Private Tutor to the Duke’s Daughter: Illusions of History

By Riku Nanano and cura. Released in Japan as “Koujo Denka no Kateikyoushi” by Fujimi Fantasia Bunko. Released in North America by J-Novel Club. Translated by William Varteresian.

Private Tutor to the Duke’s Daughter is hardly the first Japanese series to feature what are, for want of a better term, “battle maids”. They’ve been around for as long as there have been anime. Generally speaking the key two aspects of battle maids are that they are ludicrously good at combat, but also incredibly proud of being maids, also to a ludicrous degree. That said, Leinster maids also have one very important aspect to them, one that can even get in the way of maid duties or combat: they like to watch Allen and Lydia be sweet together, and gush over it. In essence, they are us, because that’s exactly what I did in the last book, and in the parts of this book that feature the same thing. Oh, yes, and as if that weren’t enough, some of the maids are also orphans, kids who were discriminated against, or in one case a literal experimental child soldier. None of that matters, though, as long as you can protect Lydia and take video of her being tsundere.

When we left off, Allen and Lydia had just lost to a hideously powerful vampire woman, who fortunately had to leave before she could take care of them once and for all. Now they’re recovering their strength, trying to research vampires, protecting the boy that everyone seems to want to kidnap, and of course Lydia is also putting in the “you’re in love with me, right?” press every second of every day. (Allen’s response is ambiguous, as you can guess, but it’s clear he’s mostly lying to himself.) Unfortunately, the vampire’s reason for leaving them was to help the Church make sure this war absolutely starts, and by the end of the book they’ve pretty much almost succeeded. While back on the Southern Continent, everyone is trying to assault an impregnable castle, and they will need to combine all their “in love with Allen and badass” powers to make it happen.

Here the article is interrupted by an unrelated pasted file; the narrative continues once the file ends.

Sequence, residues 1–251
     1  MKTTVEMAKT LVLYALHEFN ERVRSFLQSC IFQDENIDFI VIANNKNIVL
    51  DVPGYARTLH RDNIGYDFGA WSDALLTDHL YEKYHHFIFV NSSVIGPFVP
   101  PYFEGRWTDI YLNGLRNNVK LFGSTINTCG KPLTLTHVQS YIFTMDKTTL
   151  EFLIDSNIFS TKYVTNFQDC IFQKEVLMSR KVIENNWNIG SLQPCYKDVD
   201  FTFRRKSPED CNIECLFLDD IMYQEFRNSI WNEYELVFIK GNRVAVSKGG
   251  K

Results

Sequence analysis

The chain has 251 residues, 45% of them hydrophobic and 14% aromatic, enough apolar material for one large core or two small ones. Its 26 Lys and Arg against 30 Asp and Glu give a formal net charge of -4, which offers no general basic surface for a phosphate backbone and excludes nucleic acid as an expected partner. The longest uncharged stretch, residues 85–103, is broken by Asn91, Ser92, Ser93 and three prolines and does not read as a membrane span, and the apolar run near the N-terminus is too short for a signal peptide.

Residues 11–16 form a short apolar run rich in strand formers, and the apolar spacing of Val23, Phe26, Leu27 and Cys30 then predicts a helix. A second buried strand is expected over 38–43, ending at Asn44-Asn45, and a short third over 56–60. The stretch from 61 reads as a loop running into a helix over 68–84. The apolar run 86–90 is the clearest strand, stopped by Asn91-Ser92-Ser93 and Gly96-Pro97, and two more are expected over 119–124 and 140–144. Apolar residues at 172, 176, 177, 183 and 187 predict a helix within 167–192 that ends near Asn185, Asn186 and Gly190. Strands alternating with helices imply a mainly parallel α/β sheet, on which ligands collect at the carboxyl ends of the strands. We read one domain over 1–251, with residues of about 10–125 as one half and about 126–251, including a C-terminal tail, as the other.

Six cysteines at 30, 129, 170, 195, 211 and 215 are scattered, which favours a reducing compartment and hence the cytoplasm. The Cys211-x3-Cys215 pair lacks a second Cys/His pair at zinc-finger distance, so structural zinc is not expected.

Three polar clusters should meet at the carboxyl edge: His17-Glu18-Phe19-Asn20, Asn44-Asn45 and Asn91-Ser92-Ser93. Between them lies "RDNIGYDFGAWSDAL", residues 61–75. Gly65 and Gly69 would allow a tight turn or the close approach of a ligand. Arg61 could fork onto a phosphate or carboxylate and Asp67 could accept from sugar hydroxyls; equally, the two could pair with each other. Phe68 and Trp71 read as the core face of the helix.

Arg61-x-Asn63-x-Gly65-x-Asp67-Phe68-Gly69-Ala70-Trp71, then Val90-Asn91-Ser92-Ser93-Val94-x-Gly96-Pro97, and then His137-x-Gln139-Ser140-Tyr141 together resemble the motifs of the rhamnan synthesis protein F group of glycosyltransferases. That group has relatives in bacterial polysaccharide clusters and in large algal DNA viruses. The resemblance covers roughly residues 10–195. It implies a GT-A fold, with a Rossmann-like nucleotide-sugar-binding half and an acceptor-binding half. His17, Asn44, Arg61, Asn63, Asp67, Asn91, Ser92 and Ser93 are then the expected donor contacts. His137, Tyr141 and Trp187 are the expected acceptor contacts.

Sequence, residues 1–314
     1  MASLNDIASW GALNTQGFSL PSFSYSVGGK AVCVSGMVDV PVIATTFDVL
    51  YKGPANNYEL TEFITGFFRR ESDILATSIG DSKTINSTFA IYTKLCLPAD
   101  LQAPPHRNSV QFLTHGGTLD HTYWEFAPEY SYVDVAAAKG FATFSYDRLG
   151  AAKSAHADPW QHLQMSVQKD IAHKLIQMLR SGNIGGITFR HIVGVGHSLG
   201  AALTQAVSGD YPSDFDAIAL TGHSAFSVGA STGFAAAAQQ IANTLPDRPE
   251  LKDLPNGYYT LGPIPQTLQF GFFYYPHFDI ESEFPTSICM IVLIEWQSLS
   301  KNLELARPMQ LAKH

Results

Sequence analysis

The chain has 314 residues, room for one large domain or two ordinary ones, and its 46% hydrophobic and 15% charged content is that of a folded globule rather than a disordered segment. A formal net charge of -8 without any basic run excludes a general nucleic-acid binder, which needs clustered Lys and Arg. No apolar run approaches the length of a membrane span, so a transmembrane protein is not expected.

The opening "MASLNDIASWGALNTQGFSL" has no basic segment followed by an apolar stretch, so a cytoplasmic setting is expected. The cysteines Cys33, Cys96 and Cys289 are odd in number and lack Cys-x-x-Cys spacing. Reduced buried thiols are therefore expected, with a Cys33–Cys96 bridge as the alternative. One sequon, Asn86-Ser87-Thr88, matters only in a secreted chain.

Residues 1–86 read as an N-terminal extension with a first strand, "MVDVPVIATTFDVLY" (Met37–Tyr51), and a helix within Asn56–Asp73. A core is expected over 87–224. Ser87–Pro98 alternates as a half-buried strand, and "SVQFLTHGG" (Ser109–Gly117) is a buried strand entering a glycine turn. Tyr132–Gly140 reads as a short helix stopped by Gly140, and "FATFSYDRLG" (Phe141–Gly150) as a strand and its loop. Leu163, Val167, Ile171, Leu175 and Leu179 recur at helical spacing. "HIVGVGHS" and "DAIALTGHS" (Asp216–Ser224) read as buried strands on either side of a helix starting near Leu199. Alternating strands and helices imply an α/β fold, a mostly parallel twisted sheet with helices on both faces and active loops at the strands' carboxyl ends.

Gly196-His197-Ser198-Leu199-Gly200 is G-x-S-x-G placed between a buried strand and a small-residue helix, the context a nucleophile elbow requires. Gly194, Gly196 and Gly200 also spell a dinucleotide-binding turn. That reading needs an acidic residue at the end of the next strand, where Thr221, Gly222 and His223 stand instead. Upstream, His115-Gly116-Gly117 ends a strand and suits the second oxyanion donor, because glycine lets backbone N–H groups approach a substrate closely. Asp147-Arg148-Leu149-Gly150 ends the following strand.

Tina, once again, gets some stuff to do but is not the focus, though that should change by the next book. The main narrator here, aside from Allen, is Lynne, who has always suffered a bit from being “smaller, more sensible Lydia”, and indeed her big spell is Firebird, only this one is not backed up by an ancient hard to control spell. Lynne, like the rest of the female cast, is mostly defined by “being in love with Allen”, and you get the sense they’re all doing this not so much to save the country as to not disappoint him. Caren also gets a lot to do here, and she and Lynne have a final confrontation against a smug Church kid, and Lynne, Caren and Tina are headed off to the City of Water for the next book. Stella is still suffering from Magical Plot Device Disease, but she’s better at being a general anyway. Only Ellie suffers, as it’s frankly clear that the story has outgrown her since Book One, but the author hasn’t the heart to get rid of her, as she’s simply too nice. (And clumsy, but only around Allen. The girls know how to abuse tropes in universe.)

So yes, after a huge arc, we’re getting another huge arc, as this war (or near war) is not ending anytime soon. If you enjoy watching girls beat the shit out of people and pine for a perfect guy, keep reading, you’ll get more of it.

Private Tutor to the Duke’s Daughter: The Millennial Capital

By Riku Nanano and cura. Released in Japan as “Koujo Denka no Kateikyoushi” by Fujimi Fantasia Bunko. Released in North America by J-Novel Club. Translated by William Varteresian.

Imagine a horse race, with a lot of impressive participants. The race starts, everyone is going flat out… except one horse who just stands there, staring, and perhaps snorting with amusement. What’s going on? Is she just going to let the other horses win? Then, when everyone else is about 3/4 of the way into the race, the remaining horse starts to run. She ends up winning by 10 furlongs. That’s sort of how this book feels for those who are wondering who Allen will end up with in this series. It’s Lydia’s world and we just live in it. There are a few scenes dedicated to the rest of the cast, but even there, the main POV character is not the titular Duke’s Daughter, but her older sister, who is also possibly the only one of the harem herd Lydia regards as a rival. Tina? There was a character poll in Japan. Tina came in 6th. No prizes for guessing who won, and it wasn’t close.

(I want you to look at the cover to Volume 6, and then look at this volume. They’re the same character.)